The greenhouse whitefly is a one-millimeter-long insect with four nymphal instars which are flat, oval, and transparent. Fifth instar nymphs move around as crawlers searching for a preferred feeding site on the leaf.

Laboratory analysis is critical to determine if the plant malady is present. Growers can provide samples to UCCE or county agricultural commissioner’s office for no-charge testing. Samples can also be sent to commercial labs.

Heather Scheck, plant pathologist with the Santa Maria agricultural commissioner’s office, received nearly 20 suspect samples for testing. One sample tested positive for pallidosis.

Unknown is the amount of pallidosis in California strawberry-growing regions. Pallidosis disease was first reported in California in 1975.

Dara recommends these methods to help limit the disease:

  • Utilize good agricultural practices, including regular monitoring, communication, and collaboration between growers and PCAs, to limit the spread of the vector and the pathogens.
  • Use clean transplants;
  • Rotate chemical insecticides with different modes of action for vector control;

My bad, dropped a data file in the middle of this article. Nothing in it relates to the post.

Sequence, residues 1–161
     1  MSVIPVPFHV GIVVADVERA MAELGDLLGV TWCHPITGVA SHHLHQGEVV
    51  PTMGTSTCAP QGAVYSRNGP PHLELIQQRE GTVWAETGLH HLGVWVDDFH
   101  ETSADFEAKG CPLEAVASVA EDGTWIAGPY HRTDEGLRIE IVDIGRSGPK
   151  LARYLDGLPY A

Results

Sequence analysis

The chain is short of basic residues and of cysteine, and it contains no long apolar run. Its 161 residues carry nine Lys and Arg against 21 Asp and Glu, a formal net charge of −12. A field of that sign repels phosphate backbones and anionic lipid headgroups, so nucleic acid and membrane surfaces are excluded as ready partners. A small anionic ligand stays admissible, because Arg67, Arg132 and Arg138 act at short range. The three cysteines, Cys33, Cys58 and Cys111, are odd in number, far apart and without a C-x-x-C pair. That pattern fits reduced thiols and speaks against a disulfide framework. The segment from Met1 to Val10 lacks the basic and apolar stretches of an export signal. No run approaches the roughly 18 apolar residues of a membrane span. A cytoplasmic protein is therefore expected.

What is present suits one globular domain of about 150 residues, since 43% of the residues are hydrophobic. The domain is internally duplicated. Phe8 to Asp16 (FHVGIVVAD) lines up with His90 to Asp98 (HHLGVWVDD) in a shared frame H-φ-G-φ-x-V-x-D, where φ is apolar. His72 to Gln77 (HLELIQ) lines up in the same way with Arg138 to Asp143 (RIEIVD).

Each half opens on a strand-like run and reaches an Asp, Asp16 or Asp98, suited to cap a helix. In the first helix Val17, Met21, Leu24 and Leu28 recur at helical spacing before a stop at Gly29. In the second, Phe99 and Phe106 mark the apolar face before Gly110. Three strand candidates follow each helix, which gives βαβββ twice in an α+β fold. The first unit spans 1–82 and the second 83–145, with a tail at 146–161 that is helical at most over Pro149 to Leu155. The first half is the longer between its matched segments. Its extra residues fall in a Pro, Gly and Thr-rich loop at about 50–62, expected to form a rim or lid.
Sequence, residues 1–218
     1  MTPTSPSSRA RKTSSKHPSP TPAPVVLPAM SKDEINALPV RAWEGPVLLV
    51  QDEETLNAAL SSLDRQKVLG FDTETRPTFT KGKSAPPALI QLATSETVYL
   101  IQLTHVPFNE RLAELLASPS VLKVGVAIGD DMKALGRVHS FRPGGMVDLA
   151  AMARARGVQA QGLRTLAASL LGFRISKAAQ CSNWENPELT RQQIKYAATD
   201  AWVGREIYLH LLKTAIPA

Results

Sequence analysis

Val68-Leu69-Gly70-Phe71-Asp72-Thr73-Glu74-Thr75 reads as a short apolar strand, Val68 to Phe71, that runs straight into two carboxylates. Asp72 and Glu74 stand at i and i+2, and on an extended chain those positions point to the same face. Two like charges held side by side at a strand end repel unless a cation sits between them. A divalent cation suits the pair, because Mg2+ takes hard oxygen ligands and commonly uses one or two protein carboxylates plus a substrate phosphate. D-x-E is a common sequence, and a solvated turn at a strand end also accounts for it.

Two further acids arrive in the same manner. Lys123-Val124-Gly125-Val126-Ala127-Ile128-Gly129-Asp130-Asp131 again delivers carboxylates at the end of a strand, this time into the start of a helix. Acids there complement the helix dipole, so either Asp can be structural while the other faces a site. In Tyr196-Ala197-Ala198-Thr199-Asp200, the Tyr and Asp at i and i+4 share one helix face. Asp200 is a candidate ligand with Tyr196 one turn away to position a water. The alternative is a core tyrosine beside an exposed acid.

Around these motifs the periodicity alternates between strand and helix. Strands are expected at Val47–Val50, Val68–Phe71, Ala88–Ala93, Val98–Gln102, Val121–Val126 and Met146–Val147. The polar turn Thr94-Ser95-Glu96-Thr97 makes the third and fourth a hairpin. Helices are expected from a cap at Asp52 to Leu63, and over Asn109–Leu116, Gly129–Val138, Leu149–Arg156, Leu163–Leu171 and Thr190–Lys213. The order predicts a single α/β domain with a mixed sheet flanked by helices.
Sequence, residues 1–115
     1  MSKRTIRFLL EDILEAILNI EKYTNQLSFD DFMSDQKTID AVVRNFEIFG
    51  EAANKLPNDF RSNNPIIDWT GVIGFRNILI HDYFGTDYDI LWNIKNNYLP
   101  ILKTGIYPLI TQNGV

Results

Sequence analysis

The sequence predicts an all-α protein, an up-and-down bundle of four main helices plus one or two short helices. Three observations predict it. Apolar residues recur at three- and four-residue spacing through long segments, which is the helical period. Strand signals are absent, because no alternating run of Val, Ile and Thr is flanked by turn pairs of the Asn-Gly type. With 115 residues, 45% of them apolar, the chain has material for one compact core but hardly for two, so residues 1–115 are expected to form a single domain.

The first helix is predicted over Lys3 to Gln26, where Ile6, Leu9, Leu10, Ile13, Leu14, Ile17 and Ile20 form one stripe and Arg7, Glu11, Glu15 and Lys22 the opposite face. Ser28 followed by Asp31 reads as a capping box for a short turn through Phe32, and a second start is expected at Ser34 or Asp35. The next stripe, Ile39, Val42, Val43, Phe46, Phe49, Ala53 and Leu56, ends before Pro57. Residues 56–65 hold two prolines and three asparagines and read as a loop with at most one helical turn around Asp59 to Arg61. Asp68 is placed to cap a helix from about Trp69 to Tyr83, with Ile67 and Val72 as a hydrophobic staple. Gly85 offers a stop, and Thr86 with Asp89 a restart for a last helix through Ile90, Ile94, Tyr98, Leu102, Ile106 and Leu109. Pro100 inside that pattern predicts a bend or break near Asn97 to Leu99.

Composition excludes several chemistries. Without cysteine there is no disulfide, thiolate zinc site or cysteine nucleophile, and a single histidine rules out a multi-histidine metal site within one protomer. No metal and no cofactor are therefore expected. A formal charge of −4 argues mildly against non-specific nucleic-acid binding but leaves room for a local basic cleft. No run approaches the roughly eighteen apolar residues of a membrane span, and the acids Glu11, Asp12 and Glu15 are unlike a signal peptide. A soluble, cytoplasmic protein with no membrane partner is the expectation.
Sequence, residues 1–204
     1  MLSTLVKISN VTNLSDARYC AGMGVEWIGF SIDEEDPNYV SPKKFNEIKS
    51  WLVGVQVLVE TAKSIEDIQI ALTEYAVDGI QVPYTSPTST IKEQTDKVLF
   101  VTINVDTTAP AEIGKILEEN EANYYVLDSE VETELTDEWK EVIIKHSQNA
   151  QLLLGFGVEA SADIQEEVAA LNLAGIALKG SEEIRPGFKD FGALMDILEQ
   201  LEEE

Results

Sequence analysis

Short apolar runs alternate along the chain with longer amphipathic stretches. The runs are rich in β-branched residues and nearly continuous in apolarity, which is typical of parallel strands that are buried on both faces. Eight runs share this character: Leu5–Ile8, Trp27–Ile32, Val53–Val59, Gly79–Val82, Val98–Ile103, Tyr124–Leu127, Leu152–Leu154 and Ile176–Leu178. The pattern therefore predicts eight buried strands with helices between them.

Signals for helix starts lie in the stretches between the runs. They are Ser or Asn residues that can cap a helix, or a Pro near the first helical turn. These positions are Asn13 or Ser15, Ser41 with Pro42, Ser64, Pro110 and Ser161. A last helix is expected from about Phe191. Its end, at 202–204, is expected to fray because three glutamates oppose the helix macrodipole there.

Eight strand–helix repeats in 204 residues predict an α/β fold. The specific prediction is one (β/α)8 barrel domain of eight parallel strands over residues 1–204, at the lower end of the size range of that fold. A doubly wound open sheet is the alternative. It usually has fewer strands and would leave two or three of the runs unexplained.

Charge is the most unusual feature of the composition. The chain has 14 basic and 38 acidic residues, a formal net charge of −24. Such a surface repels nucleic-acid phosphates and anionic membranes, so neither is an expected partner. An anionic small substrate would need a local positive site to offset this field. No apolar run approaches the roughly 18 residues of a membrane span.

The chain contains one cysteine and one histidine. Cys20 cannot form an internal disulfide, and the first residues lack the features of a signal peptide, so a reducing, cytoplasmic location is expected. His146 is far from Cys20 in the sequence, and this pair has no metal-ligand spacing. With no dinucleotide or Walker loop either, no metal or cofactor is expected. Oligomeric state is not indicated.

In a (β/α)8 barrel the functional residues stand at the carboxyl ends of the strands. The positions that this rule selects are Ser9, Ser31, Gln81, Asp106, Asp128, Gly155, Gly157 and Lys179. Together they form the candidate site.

• Alternate with botanical or biopesticides;
  • Conserve natural enemies;
  • Timely control of pest infestations especially in upwind fields;
  • Timely diagnosis of the pest and disease; and a
  • Host-free period to break the disease transmission.

Several web pages with information on the disease can be found online, including the UC IPM pest management page at Dara has several online articles available at

California strawberry growers produce almost 90 percent of the nation’s crop, according to the California Department of Food and Agriculture. Strawberries are the state’s 14thlargest exported crop with export values of about $336 million.

The leading strawberry counties include Monterey, Ventura, Santa Barbara, Santa Cruz, and San Luis Obispo, respectively.

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